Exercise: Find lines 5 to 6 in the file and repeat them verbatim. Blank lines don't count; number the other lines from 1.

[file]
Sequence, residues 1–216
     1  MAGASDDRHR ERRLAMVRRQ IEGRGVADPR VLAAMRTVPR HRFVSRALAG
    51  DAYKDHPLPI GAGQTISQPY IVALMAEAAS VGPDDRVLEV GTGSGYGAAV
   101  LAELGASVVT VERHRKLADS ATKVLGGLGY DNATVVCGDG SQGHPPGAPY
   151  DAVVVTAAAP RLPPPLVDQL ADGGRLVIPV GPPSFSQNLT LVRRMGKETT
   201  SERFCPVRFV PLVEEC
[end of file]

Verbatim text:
   151  DAVVVTAAAP RLPPPLVDQL ADGGRLVIPV GPPSFSQNLT LVRRMGKETT
   201  SERFCPVRFV PLVEEC